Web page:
] Multinational firms in South Korea tend to transfer much higher proportions of their revenues to their headquarters overseas in dividends and royalties than their Korean counterparts, an expert said on March 27.
Payments in royalties and dividends are categorized as expenses, which in turn lowers their reported earnings to the Korean authorities.
Some companies may take advantage of such system to avoid paying corporate taxes, which needs extra monitoring by the National Tax Office, said Kim Kab-lae, a research fellow at the Korea Capital Market Institute.
For instance, according to data by the Financial Supervisory Service, Adidas Korea’s revenue skyrocketed 231 percent over the past 10 years from 217 billion won in 2006 to 897.4 billion won in 2015. Its accumulated revenues in the past decade amounted to 5.42 trillion won.
Out of the accumulated revenue, the Korean unit of the Germany-based multinational firm Adidas AG paid more than 10 percent, or 693.5 billion won, to its owner in royalties, and another 4 percent, in international marketing expenses. It also transferred 450 billion won from Korea to Germany in dividends during the 2006-2015 period, about 80 percent of the accumulated profits of 553 billion won.
Cigarette maker Philip Morris Korea, 100 percent owned by Philip Morris Sarl, a subsidiary of US-based Philip Morris International, also saw its sales surge 262 percent during the 2006-2015 period to hit 811 billion won in revenue in 2015. The accumulated royalties paid from the local firm to the US was 1.4 trillion won over the same period, larger than the 1.2 trillion won it recorded in accumulated net profits, according to the FSS data. Royalties took up about 6-14 percent of revenues.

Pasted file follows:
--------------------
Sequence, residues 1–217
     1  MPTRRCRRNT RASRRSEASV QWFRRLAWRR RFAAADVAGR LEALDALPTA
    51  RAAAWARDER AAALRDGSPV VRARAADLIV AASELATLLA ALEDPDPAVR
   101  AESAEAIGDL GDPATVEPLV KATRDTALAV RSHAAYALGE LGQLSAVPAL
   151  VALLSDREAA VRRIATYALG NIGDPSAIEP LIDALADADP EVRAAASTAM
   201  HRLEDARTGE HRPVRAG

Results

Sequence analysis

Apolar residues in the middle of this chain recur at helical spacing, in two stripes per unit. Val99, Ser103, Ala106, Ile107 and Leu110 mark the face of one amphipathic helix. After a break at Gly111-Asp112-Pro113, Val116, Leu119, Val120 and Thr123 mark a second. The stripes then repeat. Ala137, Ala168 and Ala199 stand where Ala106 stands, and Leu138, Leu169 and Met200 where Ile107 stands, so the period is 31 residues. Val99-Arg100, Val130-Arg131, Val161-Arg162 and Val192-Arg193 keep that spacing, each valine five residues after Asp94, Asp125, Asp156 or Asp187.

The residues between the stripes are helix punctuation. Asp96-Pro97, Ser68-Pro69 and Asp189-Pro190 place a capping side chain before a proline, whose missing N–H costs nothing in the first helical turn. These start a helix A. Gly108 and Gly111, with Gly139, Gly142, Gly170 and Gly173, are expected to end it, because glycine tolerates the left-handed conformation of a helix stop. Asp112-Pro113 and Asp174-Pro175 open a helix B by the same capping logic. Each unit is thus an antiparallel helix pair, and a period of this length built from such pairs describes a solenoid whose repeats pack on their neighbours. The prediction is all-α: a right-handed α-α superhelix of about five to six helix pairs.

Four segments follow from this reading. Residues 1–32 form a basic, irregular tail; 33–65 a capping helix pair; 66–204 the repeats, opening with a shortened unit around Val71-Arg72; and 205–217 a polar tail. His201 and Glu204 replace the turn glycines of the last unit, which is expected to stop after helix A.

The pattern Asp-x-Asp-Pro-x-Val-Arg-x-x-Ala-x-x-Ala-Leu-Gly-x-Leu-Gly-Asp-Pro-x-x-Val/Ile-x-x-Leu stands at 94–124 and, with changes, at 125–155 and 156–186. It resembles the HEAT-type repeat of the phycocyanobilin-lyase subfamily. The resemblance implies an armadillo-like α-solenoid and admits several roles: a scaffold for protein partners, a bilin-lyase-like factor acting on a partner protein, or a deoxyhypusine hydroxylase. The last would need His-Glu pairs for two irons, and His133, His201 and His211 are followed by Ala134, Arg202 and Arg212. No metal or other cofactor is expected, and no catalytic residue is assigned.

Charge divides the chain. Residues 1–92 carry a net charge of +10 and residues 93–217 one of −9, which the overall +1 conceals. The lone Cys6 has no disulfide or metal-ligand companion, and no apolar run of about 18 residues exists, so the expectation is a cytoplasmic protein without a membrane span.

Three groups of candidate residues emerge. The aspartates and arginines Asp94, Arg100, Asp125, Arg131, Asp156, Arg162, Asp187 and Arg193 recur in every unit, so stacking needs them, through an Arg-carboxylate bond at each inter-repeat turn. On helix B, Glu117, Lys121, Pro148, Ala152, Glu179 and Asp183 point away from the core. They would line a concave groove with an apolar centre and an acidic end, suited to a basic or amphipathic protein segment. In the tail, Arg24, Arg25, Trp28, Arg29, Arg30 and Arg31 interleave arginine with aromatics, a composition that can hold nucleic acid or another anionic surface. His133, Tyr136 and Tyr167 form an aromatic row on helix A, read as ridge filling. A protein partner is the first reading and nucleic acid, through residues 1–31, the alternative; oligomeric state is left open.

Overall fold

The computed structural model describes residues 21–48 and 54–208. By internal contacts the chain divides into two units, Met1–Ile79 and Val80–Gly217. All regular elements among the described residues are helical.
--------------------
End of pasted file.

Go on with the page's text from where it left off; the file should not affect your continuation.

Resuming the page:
In contrast, at four Korea-based multinational companies with a holding company structure -- SK
, GS and LS
– royalties made up between 0.08 percent and 0.24 percent or revenues in 2014, according to a report by Kim Ki-sik, a former lawmaker of the main opposition Democratic Party of Korea, who cited each firm’s financial reports.
“I’m not saying the Korean tax authorities are doing anything wrong. But concerns over tax avoidance through excessive royalty payments at foreign companies are bigger now than in the past, because of the large sales they earn now and the large proportion of royalties,” Kim at the Korea Capital Market Institute told The Korea Herald.
“The National Tax Office should put this area in their upper list of taxation priorities.”
Kim said that the parent companies of multinational firms tend to have a bigger say in financial affairs than their Korean units, and thereby tend to skirt from the so-called “arm’s length principle” in transfer pricing. Under the arm’s length principle, a unit in Korea and its parent firm overseas treat each other as independents and royalties should not rise above the market value, he added.
An official at Philip Morris Korea said, “The company’s decision on the proportion of royalty was based on the OECD guidelines for transfer pricing and applies not only to the Korean market but other overseas markets.”
Adidas Korea was unavailable for comment.
One official at a Korean unit of a multinational company, who declined to be named, said comparing the proportion of royalties with local firms was unfair because each companies had different brand strategies and were involved in different industries.
Meanwhile, multinationals were tightfisted when it came to corporate social responsibility in the Korean market.
According to the FSS data, Adidas Korea and Philip Morris Korea spent less than 0.1 percent of their revenue on CSR in 2015.
Fast fashion brand Uniqlo Korea, whose revenue exceeded 1 trillion won in 2015, spent nothing in donations and social activities.
By Kim Yoon-mi/The Korea Herald (email@example.com